The next free concert of the Santa Barbara Music Club takes place at 3 p.m. Saturday in the Faulkner Gallery of the Santa Barbara Public Library, 40 E. Anapamu St.

The Music Club program, typically varied and brilliant, will consist of Johann Sebastian Bach’s Italian Concerto, BWV 971, played by the inimitable pianist, Betty Oberacker; Aaron Copland’s Duo for Flute and Piano, performed by flautist Mary Jo Hartle and pianist Christopher Davis; followed by soprano Deborah Bertling and pianist Davis, performing — under the motto “Music – Words – Action,” Giuseppe Concone’s “Allegretto amabile,” Sergei Rachmaninov’s “Vocalise” and the aria from Heitor Villa-LobosBachianas brasilieras No. 5.

The afternoon’s entertainment concludes with clarinetist Chad Cullins and pianist Davis playing Claude Debussy’s Premiére rhapsodie.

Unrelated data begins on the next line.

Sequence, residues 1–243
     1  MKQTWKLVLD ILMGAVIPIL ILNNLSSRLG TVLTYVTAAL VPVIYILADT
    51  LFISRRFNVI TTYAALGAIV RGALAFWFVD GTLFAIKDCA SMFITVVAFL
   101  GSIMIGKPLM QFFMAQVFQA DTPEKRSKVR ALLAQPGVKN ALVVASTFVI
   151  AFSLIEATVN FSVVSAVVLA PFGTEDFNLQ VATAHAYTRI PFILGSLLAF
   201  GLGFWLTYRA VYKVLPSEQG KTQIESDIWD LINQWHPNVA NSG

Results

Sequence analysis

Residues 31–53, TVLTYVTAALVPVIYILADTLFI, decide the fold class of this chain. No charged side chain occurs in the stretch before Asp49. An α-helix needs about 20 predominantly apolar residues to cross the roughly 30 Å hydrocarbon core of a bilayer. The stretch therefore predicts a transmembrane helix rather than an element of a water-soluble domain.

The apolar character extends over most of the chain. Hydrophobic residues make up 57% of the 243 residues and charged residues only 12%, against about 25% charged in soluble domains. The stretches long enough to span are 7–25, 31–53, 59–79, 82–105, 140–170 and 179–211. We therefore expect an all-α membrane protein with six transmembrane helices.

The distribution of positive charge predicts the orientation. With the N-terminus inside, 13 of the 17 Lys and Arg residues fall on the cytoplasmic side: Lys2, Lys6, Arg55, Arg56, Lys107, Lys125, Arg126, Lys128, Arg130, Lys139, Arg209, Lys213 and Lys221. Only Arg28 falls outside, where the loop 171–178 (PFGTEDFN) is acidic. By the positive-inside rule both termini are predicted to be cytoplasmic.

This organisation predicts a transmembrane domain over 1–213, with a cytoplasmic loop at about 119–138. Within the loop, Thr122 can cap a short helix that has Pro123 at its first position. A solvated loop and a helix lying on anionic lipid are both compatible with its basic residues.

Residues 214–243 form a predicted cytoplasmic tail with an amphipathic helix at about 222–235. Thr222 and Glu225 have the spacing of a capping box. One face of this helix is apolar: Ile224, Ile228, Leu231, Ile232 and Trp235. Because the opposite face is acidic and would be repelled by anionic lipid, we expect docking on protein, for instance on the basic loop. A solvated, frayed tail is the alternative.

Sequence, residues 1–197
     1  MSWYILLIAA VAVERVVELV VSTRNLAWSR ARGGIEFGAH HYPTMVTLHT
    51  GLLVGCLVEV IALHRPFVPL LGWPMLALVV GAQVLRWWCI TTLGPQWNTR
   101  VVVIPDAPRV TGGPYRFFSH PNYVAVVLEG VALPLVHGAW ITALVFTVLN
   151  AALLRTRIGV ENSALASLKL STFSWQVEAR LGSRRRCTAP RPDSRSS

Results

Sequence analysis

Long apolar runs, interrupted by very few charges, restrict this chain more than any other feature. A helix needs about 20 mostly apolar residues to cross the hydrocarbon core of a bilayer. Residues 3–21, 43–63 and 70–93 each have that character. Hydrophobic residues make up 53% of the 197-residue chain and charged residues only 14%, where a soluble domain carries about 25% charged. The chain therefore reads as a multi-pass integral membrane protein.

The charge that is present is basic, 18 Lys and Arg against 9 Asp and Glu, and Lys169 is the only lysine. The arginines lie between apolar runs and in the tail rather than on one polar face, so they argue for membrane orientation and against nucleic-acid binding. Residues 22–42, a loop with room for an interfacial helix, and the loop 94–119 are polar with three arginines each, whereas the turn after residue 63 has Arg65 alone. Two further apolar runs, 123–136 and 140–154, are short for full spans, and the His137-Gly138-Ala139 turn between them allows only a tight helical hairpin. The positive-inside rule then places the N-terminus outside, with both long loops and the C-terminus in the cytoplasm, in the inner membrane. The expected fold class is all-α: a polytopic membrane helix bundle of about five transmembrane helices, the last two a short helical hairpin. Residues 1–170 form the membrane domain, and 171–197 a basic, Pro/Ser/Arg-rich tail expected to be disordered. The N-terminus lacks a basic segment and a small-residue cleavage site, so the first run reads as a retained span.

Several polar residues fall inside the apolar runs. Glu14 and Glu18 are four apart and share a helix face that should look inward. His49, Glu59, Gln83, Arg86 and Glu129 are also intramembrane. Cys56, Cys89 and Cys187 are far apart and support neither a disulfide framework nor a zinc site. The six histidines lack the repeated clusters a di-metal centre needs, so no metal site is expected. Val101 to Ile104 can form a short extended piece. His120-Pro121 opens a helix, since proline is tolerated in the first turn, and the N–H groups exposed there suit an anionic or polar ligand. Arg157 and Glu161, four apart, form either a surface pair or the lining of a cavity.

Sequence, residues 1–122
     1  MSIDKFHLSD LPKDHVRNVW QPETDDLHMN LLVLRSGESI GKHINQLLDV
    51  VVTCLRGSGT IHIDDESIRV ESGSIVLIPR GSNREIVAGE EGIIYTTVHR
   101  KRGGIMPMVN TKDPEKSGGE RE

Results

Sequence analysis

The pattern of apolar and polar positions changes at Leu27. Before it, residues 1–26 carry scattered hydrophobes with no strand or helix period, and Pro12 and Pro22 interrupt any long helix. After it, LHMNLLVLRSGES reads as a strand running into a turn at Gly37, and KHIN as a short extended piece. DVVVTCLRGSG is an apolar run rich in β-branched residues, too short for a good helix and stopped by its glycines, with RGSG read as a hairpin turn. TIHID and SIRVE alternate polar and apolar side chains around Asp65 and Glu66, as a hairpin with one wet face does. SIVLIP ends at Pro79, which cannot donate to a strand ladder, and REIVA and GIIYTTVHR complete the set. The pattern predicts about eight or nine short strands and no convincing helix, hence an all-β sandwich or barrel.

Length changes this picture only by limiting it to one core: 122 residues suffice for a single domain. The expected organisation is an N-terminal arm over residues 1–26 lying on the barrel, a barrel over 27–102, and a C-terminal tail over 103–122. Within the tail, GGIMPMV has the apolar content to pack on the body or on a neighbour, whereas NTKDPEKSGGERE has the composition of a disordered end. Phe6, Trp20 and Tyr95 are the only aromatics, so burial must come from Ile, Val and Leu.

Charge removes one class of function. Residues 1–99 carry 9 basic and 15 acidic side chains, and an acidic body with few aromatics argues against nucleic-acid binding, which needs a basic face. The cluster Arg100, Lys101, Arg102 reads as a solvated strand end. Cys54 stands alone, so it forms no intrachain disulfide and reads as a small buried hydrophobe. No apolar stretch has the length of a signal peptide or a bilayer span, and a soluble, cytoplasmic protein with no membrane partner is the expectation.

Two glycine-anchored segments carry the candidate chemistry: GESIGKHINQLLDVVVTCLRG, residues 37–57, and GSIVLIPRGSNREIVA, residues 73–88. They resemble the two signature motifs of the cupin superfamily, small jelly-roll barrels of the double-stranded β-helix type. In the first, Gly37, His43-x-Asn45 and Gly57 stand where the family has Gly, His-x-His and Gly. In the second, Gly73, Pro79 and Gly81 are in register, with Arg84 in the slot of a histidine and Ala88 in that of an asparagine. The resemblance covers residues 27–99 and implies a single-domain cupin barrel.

These works are all self-explanatory, like all real music, and relatively undemanding, though by no means “lite.” The Bach, not actually a concerto in the sense that most of us think of the form, is one of his most popular pieces, and deservedly so. It manages to be dramatic and exuberant at the same time.

The Villa Lobos has been sung, and recorded by a remarkably diverse group of singers, including Victoria de los Angeles, Salli Terri (formerly married to the composer John Biggs, best known for her work with guitarist Laurindo Almeida), and Joan Baez.

Concone (1801-1861) was an Italian composer and educator, to whom trumpeters are especially grateful for his series of Lyrical Studies

— Gerald Carpenter covers the arts as a Noozhawk contributing writer. He can be reached at The opinions expressed are his own.